When I was in college, I had a group of friends I hung out with a lot. We ate out, goofed off, went to movies, and probably did some things and shared stories that we’re not proud of. One of guys we hung out with was given a preacher’s position at a local church. He was suddenly “Pastor.”
Pastor? We hung out with this guy! We knew how he acted! He’s one of us! Now he’s supposed to be ahead of us? We supported him but we never called him “pastor,” because he wasn’t OUR pastor. That was just a job title. Surely, he couldn’t have any wisdom for us, his friends and peers.
Many years later, I know how wrong that was. Did we give him that title? No. But the church did. That means he was chosen and called by God at that appointed time to do that appointed job.
Recently, I’ve heard a lot of stories from people about this same thing. Things like:
• They have wronged me. They are not leadership over my life, so I have no respect for them.
• I don’t like the way they’re doing or handling things over there. So, I’ll tell everyone what’s wrong with that person/group and why I disagree.
• I heard so-and-so did this, so I’ll post a rant on my social media page, complete with the list of things I’ve heard they’ve done, whether true or not.
• I saw a person of leadership out at a bar (or something along those lines), so I’m going to go over their head and tell on them. They’re obviously not ready to be in this leadership position.
We often attack others because we disagree with them or because that person has made multiple mistakes. We, as Christians, have a very bad habit of complaining about our church & city leadership. I constantly see & hear negative remarks about world leaders like President Barak Obama, church leadership like Joel Osteen, and especially our local church and city leadership.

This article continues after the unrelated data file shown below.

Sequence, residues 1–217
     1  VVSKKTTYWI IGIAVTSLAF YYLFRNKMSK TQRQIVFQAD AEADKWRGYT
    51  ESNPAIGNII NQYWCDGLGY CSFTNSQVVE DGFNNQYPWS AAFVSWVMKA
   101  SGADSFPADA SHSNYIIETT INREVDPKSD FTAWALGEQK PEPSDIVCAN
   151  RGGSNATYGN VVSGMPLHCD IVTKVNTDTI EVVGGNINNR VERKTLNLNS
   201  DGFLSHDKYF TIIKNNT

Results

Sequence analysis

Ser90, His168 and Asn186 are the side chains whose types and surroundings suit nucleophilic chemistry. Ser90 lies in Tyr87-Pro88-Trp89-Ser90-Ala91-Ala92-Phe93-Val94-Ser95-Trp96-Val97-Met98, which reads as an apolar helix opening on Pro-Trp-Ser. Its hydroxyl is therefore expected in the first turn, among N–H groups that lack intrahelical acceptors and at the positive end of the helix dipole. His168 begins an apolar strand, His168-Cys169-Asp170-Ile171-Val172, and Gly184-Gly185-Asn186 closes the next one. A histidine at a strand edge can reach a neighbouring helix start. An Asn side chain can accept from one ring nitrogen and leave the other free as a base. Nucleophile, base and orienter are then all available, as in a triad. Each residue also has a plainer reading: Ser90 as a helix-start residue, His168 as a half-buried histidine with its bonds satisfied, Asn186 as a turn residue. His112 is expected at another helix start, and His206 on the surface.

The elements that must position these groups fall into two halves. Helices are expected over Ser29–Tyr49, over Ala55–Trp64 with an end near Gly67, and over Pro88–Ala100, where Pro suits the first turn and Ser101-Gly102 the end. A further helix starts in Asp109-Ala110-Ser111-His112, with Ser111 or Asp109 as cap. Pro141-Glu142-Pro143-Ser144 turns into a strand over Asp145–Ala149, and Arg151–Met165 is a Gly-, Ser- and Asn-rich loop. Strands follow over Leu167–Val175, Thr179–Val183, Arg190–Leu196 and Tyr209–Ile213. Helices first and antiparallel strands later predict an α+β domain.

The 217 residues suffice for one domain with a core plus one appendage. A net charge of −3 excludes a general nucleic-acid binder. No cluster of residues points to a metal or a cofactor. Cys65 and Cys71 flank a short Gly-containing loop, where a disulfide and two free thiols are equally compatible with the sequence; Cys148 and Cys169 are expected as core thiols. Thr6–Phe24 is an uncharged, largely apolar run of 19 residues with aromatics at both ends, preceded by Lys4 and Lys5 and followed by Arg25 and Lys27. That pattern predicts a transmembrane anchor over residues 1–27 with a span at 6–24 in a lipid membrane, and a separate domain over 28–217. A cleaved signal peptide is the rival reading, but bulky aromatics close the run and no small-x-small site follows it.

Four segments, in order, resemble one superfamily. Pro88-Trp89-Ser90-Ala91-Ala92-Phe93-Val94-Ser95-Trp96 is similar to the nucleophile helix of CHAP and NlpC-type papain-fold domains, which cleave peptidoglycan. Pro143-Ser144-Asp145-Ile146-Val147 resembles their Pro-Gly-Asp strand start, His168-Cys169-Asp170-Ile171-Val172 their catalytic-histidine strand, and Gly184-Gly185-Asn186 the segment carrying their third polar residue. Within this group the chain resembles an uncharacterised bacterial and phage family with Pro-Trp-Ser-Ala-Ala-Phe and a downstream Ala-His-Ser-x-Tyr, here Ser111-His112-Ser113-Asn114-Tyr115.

In 1 Samuel, David, who had been anointed by the Lord as king, was running from Saul, who was presently king, because he wanted to kill David. Twice, David had the opportunity to kill Saul and spared his life. In chapter 26, Saul & his men were asleep. David and his men went into the camp David took Saul’s spear and water jug. Abishai asked David to let him kill Saul. Here is David’s response.
9 But David said to Abishai, “Do not destroy him; for who can stretch out his hand against the Lord’s anointed, and be guiltless?”
And later, when King Saul died, the man who killed him was himself killed.
I think we all need to be like David. Who are we to stretch out a hand against the Lord’s anointed? Because, let me tell you, God has that person there for a reason, whether you like it or not. And, His thoughts are not our thoughts and His ways are not our ways (Isaiah 55:9).
What would happen if instead of striking those people down, we lifted them up and prayed for them? We don’t have to agree with them. We don’t have to trust them. We don’t even have to like them. But, we need to respect them. We need to pray for them and not complain to everyone who will listen and not say or write awful things about them. Don’t let anyone take on your offense against someone else.
I can guarantee you, if I were to see my old friend from college again, I would call him Pastor because God gave him that title. Who am I to take that away from him? Who am I to stretch out my hand against the Lord’s anointed?